June 2016 actual crudes and petroleum products inventory closed at 19,888 thousand barrels (MB) or 50-day supply equivalent; 40 days for crude oil and products in country stocks and 10 days in-transit. This was higher by 14.4 percent from June 2015 level of 17,382 MB. YTD June 2016 average inventory was recorded at 45 days, 38 days in country stock and 7 days in-transit.
The government continued to enforce the Minimum Inventory Requirement (MIR) given the continuing risks faced by the downstream oil industry sector such as geopolitical instability and supply delivery problems to areas affected by calamities (e.g. typhoon, flood, earthquake, etc.).
Current MIR for refiners is in-country stocks equivalent to 30 days while an equivalent of 15 days stock is required for the bulk marketers and 7 days for the LPG players.
Crude Oil Supply
Various types of crude oil imported for the period totaled 37,941 MB, a slight decrease of 0.9 percent from first half of 2015’s 38,294 MB.
About eighty-five percent of the total crude mix (32,163 MB) originated from the Middle
East, of which 34.7 percent (13,164 MB) was sourced from Kuwait, replacing Saudi Arabia as top supplier of crude oil into the country. On the other hand, 3,434 MB of crude oil was imported from the ASEAN and from local production equivalent to 9.1 percent of the total crude mix. The remaining 6.2 percent (2,343 MB) was sourced from Russia (Fig. 1).
Petroleum Product / Ethanol Imports
YTD June 2016 petroleum product imports totaled 44,027 MB, an increase of 17.7 percent from 1H 2015’s 37,410 MB.
Compared with 1H 2015 imports, diesel oil import grew by 31.5 percent. Kerosene/avturbo, LPG and gasoline also rose by 48.9, 26.5 and 4.5 percent, respectively. On the other hand, fuel oil imports dropped by 2.2 percent.
The other industry players accounted for majority of the product imports with 71.4 percent of the total imports volume, up by 13.6 percent to 31,419 MB from 1H 2015’s 27,658 MB. The oil majors (Petron, Chevron and Pilipinas Shell) accounted for the remaining 28.6 percent which increased by 29.3 percent from 1H 2015’s 9,752 MB to 12,608 MB.
The local refiners (Petron and Pilipinas Shell) accounted for 17.5 percent of the total product imports, which included blending stocks, as against 82.5 percent share by direct importers.
Product import mix comprised mostly of diesel oil at 42.6 percent, gasoline at 18.1 percent, LPG at 12.3 percent, kerosene/ avturbo at 9.3 percent, fuel oil at 8.3 percent and other products at 9.5 percent share in the total product mix.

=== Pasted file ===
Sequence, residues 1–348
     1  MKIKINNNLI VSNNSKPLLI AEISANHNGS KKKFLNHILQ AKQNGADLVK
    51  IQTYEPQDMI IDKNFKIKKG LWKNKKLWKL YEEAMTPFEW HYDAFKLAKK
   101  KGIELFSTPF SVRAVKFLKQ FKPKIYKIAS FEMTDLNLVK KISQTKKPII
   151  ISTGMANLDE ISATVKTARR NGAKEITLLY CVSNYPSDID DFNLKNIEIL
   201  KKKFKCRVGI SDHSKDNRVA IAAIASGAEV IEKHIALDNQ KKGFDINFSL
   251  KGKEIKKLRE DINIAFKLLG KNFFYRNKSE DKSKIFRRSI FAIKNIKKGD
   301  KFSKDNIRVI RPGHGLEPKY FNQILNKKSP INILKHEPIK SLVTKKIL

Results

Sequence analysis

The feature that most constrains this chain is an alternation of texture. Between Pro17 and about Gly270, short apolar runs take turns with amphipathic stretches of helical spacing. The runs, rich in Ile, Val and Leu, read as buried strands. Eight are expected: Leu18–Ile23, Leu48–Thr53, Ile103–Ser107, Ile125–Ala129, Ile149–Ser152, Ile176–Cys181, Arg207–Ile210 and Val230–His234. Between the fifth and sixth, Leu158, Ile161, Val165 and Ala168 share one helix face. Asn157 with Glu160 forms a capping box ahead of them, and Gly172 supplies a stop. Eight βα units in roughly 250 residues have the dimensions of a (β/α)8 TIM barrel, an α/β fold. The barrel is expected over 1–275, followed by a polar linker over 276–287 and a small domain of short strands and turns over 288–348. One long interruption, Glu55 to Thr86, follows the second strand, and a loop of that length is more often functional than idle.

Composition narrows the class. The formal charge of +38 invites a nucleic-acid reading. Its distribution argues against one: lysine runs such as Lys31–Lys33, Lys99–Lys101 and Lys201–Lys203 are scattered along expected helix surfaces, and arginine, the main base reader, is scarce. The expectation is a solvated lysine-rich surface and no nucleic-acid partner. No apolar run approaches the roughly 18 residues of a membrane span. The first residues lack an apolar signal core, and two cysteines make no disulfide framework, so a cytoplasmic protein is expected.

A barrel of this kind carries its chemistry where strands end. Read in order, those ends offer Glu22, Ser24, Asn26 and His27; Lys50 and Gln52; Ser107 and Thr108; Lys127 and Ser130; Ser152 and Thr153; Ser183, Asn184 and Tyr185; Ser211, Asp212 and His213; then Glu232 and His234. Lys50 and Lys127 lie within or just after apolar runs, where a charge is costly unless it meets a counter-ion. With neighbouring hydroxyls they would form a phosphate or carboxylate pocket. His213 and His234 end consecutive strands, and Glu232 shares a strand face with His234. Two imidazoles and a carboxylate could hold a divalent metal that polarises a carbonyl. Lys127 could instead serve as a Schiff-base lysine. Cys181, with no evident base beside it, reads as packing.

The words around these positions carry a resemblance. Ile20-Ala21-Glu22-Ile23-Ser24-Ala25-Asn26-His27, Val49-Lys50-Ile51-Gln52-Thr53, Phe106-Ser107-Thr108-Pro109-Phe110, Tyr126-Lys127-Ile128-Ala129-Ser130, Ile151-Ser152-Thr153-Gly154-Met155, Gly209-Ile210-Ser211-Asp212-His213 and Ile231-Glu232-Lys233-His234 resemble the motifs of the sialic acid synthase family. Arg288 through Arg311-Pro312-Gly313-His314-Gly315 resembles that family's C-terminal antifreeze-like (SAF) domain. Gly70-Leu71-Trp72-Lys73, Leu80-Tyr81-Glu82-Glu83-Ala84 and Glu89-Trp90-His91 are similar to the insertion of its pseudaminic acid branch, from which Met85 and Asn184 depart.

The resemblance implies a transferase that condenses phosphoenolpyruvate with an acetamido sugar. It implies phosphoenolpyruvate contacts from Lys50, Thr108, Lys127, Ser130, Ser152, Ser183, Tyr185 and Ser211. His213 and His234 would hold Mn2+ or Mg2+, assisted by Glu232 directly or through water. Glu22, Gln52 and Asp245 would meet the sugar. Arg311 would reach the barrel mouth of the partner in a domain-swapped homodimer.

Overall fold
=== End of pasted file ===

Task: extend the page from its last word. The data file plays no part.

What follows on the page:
Total gasoline import reached 44.4 percent of gasoline demand while diesel oil import was 55.7 percent of diesel demand. LPG import on the other hand, was 69.5 percent of LPG demand. Total product import was 54.8 percent of the total products demand.
The oil majors’ import share in the total demand was 15.7 percent while the other players’ import share was at 39.1 percent. As for the refiners, their import share in the total demand was 9.6 percent, while 45.2 percent was attributed to direct importers.
Meanwhile, a total of 642 MB ethanol was imported for fuel use during the first half of 2016, which dropped by 26.8 percent from 877 MB of 1H 2015 (Table 3f). Republic Act No. 9367 of 2007 mandated that all gasoline to be sold in the country should be E-10 (gasoline with 10% bioethanol content).
Crude Run and Refinery Production
The country’s current maximum working crude distillation capacity is 285 thousand barrels per stream day (MBSD).
Total crude processed as of first half 2016 slightly rose by 1.0 percent from 39,191 MB of 1H 2015 to 39,580 MB (Table 5). The increment may be due to increased refinery utilization during the period which grew also from 75.9 percent of last year to 76.3 percent this year.
Consequently, local petroleum refinery production output also went up by 2.3 percent from 38,167 MB to 39,036 MB. First half 2016 average refining output was at 214.5 MB per day.
Vis-à-vis first half of 2015, gasoline output posted an increase of 20.0 percent which may be attributed to the newly expanded refinery of one local refiner which is now capable of producing more white products.
Kerosene/avturbo output also rose by 3.2 percent. However, diesel oil output dropped by 2.5 percent. LPG and fuel oil output also went down by 6.7 and 1.8 percent, respectively.
Diesel oil continued to dominate the production mix with a share of 37.9 percent, followed by gasoline and kerosene/avturbo with 24.2 and 10.5 percent shares, respectively. Meanwhile, fuel oil and LPG got 7.6 and 6.5 shares, respectively (Fig. 2).